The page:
In growing quandary as 2016 presidential election nears
The 2016 presidential election is just around the corner, and I thought I had an idea of who to vote for. But now, the waters are not that clear. I am confused.
Vice President Jejomar Binay was never in consideration. Even if only an iota of the alleged corruption charges against him is true, then what a foul politician he is! Besides, there is the dynasty issue: His wife is a former mayor, his son, a suspended mayor; one daughter is a congresswoman, another a senator. Worse, four of them, including the Vice President, are facing charges for dipping their fingers into government tills.
As to Sen. Grace Poe, the foundling, I was so impressed with her performance in a Senate hearing. Her questions were probing, incisive. I told myself she might make a good candidate for a higher office. The other side of me said, “She is too young with no experience.” But then in my eyes that only made her a more attractive candidate; after all, she was not tainted with corruption. Not yet, anyway.
But she did learn fast! Serge Osmeña, once her mentor, called her a “trapo” (“INC brouhaha showed Poe a ‘trapo,’ says erstwhile mentor,” News, 9/7/15). I had the same impression.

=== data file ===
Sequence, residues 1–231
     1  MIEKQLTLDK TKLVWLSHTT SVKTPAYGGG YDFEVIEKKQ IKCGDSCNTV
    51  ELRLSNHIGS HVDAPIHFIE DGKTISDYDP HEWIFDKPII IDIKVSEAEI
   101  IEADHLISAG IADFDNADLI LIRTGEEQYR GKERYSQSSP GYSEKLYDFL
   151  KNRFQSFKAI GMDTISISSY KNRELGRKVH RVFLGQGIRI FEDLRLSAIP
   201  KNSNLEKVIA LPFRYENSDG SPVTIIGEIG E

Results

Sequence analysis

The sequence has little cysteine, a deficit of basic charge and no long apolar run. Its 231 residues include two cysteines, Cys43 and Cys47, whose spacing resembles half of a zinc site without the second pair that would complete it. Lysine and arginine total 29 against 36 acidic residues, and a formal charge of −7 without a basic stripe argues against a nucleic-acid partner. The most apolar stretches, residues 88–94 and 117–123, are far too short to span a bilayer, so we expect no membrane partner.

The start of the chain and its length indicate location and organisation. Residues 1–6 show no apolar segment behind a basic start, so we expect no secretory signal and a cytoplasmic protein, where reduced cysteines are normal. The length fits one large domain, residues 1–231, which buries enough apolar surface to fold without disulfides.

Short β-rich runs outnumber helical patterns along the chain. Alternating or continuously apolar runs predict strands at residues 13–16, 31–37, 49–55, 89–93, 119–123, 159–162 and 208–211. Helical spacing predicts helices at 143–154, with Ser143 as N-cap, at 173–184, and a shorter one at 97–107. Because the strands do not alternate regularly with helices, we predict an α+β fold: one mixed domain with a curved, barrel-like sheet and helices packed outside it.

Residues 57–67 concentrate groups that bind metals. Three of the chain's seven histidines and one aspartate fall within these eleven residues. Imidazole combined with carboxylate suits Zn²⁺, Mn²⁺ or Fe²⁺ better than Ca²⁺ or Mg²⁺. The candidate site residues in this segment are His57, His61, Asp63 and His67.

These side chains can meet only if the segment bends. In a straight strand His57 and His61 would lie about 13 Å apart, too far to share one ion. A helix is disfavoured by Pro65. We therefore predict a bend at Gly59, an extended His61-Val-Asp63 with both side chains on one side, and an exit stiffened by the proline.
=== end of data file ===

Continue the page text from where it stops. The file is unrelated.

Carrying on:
New to the political game, Poe has learned to pander to a local sect—to which candidates make a beeline during elections.
In a previous letter, “‘Presidentiables’ worrisome” (Opinion, 3/14/14), I talked about Mar Roxas and his lackluster and unimpressive performance as interior secretary. But to his credit, he comes across as a moral person and has remained unsoiled by corruption through his long and many years in politics. But is that enough?
Then there is Sen. Miriam Defensor Santiago, author of law books, with a mouth and mercurial tendencies to temper. She claims she has been cured of her lung cancer. Can she lead without blowing her top? She made waves when she picked Sen. Bongbong Marcos as her running mate. The son of a despot, Bongbong seems to have selective amnesia and looks back at his father’s reign as a utopia. Remember: “Those who forget the past will repeat it.”
We need a strong leader who will crack the whip and make dirty politicos toe the line. We need someone who will lift our countrymen out of poverty, not a country whose progress is “compartmentalized” and does not trickle down to benefit the masses.
Do we need a strongman? Somebody who will make our streets safe, one who will make murderers and thieves rue the day they committed their crimes. A strongman who will take chaos out of our streets. A strongman who will cut red tape and make our country attractive to foreign investors.
Am I willing to see a leader use strong-arm tactics to effect change? Someone who could possibly bring about an economic miracle and order in our society? Should I subscribe to Machiavelli’s “The end justifies the means”? A quandary, indeed.
But if I do vote for this strongman—knowing his reputation—I’ll do so willingly. It is a risk and a gamble, but one I may be willing to take, because I am so tired of waiting…
But there are still a million things to consider. And the jury is still out.
—ARTHUR BUAN, email@example.com
Subscribe to INQUIRER PLUS to get access to The Philippine Daily Inquirer & other 70+ titles, share up to 5 gadgets, listen to the news, download as early as 4am & share articles on social media. Call 896 6000.